I hope (chalk up another) that there was a struggle in the marketing department at Screen Gems.  I hope that someone in the assembly line stood up and said, “No, seriously guys, we should stop showing ’em shit.  If they see this, they’ll have seen the movie.” Even if that conversation was a forgone defeat, I hope someone at least brought it up.  This is out of hand.  I suppose having seen [REC] multiple times now that I have the foresight to know the context of the trailer’s images.  I suppose others would be clueless that the trailer progresses, literally, from the film’s opener to its closer.  Uninitiated may not notice now, but they sure will come October, after they’ve seen this trailer a dozen times and the movie they’ve just paid for is following it step by fucking step.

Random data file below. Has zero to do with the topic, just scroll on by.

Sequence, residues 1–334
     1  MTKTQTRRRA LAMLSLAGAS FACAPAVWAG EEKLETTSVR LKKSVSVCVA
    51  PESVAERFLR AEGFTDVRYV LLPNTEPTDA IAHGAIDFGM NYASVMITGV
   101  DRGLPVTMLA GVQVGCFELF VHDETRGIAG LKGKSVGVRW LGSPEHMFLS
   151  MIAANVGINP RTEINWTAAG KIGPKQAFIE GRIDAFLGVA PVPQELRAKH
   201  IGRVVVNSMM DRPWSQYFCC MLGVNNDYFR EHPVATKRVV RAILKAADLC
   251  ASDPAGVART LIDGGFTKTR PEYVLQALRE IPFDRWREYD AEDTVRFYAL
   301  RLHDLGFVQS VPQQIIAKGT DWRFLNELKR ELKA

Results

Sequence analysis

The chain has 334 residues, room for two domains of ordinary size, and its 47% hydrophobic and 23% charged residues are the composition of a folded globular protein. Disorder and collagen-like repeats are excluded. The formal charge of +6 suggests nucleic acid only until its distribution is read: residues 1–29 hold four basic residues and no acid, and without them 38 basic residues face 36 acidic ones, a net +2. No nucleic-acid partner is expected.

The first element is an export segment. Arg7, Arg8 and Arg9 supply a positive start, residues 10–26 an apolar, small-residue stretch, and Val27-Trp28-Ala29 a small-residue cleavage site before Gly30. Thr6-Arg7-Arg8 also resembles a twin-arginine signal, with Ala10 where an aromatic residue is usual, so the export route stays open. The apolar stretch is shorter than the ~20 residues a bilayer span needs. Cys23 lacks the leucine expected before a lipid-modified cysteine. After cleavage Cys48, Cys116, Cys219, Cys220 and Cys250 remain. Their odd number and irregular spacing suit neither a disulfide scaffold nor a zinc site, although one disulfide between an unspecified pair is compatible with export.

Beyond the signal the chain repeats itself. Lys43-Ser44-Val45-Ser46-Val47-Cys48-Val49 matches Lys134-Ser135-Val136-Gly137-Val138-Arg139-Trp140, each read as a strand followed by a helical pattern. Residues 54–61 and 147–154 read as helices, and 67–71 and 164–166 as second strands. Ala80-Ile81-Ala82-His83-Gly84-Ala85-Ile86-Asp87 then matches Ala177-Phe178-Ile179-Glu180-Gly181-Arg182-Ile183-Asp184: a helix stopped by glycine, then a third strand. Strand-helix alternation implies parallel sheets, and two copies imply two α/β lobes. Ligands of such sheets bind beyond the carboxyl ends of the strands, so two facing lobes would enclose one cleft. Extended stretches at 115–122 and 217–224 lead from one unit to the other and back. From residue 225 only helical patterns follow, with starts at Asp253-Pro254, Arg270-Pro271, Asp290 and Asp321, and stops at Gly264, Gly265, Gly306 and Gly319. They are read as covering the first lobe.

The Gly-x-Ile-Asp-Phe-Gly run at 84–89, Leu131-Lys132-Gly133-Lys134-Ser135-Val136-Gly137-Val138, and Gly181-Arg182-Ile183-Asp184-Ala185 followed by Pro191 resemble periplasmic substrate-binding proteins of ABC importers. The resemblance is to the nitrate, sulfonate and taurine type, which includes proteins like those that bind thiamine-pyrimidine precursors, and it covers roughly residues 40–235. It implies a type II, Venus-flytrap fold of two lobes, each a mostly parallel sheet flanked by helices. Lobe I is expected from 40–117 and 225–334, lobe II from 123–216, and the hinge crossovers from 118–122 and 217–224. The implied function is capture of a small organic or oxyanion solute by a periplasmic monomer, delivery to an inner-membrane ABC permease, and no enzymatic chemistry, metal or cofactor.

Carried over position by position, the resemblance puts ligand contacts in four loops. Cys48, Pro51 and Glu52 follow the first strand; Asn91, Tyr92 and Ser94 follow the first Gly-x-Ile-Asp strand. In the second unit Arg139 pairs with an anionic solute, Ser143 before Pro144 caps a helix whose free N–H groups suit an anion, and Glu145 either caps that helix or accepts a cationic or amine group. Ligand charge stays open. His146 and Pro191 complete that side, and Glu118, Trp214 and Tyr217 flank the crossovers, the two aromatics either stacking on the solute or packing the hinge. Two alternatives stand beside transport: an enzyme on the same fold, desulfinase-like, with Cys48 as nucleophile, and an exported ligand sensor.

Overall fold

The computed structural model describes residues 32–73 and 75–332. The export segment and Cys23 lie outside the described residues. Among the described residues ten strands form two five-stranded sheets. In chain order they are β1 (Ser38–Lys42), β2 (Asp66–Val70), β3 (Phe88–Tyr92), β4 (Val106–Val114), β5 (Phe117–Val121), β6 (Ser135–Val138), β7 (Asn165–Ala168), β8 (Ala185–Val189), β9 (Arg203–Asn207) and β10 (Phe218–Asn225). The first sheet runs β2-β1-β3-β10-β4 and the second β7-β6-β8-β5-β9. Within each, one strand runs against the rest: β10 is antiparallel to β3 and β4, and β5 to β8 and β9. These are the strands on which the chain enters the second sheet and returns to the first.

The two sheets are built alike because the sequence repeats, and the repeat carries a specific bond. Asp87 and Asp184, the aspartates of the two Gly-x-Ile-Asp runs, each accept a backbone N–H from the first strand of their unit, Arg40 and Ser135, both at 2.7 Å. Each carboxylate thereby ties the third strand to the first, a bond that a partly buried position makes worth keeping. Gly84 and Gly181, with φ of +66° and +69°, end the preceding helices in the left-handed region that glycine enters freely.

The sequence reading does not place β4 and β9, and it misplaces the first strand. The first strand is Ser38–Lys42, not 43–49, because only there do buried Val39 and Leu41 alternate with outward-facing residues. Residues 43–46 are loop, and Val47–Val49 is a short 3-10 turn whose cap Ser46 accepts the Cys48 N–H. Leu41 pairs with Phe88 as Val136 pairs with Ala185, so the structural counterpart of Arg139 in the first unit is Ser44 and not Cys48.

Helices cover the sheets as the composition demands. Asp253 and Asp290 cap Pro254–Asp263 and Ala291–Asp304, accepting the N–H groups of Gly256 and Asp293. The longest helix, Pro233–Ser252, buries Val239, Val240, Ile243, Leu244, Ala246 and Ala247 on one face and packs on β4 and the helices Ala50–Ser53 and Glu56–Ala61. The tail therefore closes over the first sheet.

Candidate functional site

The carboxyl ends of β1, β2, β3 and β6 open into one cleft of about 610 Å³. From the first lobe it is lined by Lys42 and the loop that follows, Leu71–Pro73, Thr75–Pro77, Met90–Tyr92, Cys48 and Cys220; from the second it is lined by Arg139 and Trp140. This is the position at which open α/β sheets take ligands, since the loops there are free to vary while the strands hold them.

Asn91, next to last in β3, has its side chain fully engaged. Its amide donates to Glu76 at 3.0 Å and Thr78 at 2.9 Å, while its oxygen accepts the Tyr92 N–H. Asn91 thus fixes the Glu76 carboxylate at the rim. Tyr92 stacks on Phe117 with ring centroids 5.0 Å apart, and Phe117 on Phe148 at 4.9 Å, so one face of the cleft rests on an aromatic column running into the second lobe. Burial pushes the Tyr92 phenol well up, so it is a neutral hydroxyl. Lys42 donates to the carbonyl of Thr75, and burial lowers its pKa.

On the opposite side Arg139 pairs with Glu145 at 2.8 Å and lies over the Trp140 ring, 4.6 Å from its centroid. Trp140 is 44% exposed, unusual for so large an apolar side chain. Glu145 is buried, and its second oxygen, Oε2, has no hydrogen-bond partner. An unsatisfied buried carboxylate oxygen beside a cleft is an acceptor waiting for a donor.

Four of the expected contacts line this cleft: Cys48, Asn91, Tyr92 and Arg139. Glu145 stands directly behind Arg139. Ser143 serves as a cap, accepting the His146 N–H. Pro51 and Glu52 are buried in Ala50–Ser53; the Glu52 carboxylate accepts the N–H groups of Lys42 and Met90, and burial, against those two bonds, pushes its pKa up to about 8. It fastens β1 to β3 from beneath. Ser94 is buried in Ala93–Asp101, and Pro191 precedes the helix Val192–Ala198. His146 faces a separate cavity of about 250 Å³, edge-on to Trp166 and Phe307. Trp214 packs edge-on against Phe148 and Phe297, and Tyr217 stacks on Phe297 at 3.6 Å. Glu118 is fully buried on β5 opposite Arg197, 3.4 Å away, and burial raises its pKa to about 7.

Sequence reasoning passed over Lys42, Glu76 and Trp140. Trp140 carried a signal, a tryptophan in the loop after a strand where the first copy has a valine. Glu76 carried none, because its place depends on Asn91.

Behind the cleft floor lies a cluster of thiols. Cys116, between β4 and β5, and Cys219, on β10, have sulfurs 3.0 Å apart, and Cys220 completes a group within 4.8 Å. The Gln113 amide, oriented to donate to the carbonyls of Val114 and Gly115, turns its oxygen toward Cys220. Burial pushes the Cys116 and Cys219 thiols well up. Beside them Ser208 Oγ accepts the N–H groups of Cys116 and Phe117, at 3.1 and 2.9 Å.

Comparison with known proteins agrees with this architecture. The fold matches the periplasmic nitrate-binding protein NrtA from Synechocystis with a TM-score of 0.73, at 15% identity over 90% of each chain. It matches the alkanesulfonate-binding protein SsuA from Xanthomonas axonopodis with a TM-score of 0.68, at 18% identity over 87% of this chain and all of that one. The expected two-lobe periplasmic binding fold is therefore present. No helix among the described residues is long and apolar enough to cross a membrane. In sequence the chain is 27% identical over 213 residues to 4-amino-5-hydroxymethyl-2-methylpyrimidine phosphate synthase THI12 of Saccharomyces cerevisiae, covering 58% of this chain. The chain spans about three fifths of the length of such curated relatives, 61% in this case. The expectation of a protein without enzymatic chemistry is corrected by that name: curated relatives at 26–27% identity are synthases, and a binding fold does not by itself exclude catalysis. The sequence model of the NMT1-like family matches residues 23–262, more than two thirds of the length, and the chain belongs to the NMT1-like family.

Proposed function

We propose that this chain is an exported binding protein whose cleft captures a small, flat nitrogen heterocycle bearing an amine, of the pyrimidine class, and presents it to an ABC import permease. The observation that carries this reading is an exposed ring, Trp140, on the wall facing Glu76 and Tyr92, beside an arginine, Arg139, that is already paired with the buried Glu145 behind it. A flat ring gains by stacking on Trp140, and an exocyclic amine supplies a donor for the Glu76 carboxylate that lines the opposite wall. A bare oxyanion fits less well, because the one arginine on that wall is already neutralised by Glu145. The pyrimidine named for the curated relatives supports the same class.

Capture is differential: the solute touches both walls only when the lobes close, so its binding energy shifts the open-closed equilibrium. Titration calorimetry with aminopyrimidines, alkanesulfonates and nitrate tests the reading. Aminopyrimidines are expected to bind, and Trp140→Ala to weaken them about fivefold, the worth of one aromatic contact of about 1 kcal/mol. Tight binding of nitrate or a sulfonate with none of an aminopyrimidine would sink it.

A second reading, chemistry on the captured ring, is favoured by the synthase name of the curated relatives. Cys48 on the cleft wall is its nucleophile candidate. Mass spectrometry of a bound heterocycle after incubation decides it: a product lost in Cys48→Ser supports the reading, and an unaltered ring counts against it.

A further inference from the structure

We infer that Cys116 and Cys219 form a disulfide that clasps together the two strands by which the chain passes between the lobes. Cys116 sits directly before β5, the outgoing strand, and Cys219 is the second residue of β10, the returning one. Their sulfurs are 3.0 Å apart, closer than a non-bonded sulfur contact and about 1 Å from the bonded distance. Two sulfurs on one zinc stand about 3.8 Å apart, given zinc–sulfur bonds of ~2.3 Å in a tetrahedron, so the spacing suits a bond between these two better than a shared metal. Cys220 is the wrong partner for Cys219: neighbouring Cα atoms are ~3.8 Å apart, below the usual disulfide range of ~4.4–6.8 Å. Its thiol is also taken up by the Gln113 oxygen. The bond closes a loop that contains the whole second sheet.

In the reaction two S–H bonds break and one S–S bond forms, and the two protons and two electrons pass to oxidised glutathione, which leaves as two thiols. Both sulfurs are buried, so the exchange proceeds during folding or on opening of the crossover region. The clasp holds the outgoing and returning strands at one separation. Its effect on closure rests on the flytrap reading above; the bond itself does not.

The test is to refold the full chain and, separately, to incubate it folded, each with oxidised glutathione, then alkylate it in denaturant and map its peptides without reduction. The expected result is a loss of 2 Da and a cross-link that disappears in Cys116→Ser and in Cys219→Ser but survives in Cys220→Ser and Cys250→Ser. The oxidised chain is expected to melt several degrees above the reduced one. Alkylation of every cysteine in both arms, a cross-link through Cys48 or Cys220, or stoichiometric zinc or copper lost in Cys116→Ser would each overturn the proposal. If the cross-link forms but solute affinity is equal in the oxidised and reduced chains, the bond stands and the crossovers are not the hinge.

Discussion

I was willing to let it go, to let my rant subside, but I can’t.  Not when this trailer is hitting the front page of Digg, for crying out loud.  I’m glad there aren’t early shouts of, “That looks like a CLOVERFIELD rip-off!” .  And I will not preach to deaf ears, “No, see the original!!!  American movies are bullshit!!!”; The majority of people will never see the original.  Thems just the breaks.  That isn’t an excuse for showing the whole Gods’ damned movie in your trailer, though, Screen Gems.  You even show the one addition to the original script.

In the words of the wise man Gob, “COME ON!”

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  1. Brian
    July 9th, 2008 | 10:00 am | #1

    Isn’t it “G.O.B.”?